If the best things in life are free, then the second-best things are fried. Whether it's fried chicken, donuts, plantains, or of course, fries, the scrumptious, golden-brown goodness of fried food is enough to make anyone's mouth water. Unfortunately, there is one glaring problem with fried food: It can be difficult -- if not downright scary -- to make yourself. Getting splattered with boiling oil is not fun, and it can be dangerous. Thankfully, there is a simple technique to avoid this issue.
To reduce oil splatters, you'll want to drop food into the oil in a slow and controlled manner. When you throw something into the pot from a distance, it can create a splash that will get oil everywhere. Instead, stand close to the oil vessel so you can gently place the food inside, ensuring that it falls in away from you. If you're feeling brave, you can use your hand for this method, but you may want to use tongs when handling smaller pieces of food so your fingers don't come into contact with the oil.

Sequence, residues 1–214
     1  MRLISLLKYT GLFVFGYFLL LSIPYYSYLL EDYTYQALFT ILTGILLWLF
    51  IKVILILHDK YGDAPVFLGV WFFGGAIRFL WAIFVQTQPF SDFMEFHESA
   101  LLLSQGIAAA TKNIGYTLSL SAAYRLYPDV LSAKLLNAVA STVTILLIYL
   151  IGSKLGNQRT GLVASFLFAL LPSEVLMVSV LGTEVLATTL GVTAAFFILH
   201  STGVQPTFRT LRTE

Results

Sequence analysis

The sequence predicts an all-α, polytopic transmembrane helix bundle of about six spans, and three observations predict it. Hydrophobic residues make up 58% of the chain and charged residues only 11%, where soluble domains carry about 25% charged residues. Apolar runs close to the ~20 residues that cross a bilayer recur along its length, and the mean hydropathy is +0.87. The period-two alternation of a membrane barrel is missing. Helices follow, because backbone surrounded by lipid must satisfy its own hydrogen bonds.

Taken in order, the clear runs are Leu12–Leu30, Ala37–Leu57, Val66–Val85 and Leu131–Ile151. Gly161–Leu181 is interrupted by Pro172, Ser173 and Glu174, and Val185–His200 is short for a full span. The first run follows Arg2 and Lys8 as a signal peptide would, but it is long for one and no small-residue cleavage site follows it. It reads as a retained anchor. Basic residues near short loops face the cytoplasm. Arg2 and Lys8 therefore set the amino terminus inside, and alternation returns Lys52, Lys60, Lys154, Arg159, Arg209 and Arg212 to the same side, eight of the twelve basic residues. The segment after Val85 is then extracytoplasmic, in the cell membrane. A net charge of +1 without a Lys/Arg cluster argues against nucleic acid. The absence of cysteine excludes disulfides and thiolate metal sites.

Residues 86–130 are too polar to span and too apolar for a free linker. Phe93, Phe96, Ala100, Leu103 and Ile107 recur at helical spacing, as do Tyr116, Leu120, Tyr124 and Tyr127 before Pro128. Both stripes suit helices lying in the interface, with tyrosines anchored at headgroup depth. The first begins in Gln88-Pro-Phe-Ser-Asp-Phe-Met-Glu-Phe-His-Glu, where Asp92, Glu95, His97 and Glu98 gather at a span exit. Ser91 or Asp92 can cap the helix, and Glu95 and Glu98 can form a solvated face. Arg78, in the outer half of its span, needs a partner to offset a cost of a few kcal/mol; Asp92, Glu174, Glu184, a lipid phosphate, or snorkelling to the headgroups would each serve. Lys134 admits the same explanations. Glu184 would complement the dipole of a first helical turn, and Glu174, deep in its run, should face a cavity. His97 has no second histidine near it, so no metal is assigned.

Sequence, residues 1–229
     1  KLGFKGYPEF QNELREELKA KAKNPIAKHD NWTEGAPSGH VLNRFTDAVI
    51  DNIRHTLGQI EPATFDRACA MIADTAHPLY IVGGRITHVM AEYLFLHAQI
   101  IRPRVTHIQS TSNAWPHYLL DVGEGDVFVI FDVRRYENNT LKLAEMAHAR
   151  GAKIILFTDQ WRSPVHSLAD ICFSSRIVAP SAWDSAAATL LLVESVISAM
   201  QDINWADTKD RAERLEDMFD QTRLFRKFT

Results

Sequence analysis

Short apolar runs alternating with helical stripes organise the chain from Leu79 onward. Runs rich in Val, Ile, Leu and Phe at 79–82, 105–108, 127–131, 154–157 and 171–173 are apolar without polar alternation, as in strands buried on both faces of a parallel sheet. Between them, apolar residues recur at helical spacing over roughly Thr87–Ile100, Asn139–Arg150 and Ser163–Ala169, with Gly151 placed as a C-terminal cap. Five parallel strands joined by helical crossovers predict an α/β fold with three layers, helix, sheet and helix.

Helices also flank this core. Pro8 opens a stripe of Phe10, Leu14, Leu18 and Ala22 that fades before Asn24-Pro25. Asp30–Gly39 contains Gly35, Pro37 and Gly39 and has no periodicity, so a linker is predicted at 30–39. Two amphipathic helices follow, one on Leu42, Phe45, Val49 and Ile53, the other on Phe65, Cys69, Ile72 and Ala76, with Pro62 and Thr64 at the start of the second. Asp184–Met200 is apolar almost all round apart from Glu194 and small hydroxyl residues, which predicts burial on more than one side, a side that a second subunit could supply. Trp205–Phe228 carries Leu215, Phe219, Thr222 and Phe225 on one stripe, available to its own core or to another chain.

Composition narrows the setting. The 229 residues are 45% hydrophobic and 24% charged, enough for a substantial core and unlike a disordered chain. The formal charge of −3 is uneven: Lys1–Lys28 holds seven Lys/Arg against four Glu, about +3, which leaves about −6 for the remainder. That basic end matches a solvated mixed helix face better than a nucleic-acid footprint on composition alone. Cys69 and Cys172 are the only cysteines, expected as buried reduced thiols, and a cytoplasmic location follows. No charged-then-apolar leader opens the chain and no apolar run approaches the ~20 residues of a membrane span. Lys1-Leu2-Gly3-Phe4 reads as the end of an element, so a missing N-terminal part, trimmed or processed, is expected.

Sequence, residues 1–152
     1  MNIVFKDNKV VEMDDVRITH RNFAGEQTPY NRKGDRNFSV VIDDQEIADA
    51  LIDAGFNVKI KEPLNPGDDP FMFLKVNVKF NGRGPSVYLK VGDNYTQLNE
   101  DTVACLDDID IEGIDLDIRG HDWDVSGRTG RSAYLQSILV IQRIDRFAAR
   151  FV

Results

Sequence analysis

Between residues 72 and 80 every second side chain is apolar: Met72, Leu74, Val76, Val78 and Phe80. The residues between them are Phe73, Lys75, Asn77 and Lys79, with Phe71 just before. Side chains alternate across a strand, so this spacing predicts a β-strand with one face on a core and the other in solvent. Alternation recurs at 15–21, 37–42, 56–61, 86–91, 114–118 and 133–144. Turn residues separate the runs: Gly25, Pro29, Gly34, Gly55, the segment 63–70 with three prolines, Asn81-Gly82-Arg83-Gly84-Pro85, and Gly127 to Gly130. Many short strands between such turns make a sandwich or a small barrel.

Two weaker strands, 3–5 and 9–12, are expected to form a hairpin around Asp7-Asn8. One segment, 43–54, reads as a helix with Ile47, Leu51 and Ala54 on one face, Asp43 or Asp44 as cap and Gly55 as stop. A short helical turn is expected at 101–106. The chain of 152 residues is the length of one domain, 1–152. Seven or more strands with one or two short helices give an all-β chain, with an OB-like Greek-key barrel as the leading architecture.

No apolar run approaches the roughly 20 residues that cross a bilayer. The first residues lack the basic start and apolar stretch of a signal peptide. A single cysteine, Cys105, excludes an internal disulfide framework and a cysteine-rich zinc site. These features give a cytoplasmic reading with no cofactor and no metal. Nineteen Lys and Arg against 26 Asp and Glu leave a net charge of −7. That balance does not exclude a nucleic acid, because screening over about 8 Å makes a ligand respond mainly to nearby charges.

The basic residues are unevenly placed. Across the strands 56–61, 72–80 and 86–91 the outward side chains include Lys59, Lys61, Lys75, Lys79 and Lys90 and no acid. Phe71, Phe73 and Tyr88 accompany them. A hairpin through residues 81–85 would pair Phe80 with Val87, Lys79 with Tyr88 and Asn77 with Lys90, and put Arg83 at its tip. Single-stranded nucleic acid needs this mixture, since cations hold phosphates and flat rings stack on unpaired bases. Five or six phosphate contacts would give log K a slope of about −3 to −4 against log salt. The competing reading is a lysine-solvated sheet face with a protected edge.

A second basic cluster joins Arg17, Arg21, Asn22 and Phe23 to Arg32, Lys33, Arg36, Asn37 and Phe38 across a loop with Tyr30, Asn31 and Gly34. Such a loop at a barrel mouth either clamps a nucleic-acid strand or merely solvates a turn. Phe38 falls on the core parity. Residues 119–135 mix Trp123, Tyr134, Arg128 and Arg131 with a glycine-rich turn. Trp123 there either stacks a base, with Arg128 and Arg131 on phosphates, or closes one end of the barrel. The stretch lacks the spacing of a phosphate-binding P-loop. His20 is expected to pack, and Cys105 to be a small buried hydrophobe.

Other Tips To Avoid Oil Splatters
It's also important to ensure that whatever you are putting into the oil is free of moisture, since it is the combination of oil and water that causes the oil to splatter. That's why you shouldn't fry any food that is frozen, as the icy particles may cause a violent reaction in the oil. Make sure all of your ingredients are completely thawed out, and use a paper towel to dry before you fry.
In some cases, it's almost impossible to completely avoid oil splatters, but there are ways to minimize the mess. When frying on the stovetop, you can place baking sheets over the other burners so they don't get covered with oil. Aluminum foil also works, and you could mold it to cover other surfaces in your kitchen as well. Use tools like tongs and spider strainers to move and manipulate the food as it fries, and wear long sleeves to protect the skin on your arms.
Frying food at home is certainly an endeavor, but with the right techniques, you can enjoy the process without ending the day covered in oil. Dry off your food, slowly add it to the cooking pot, and watch it carefully until it's time to eat the fried fruits of your labor.
Read the original article on Tasting Table.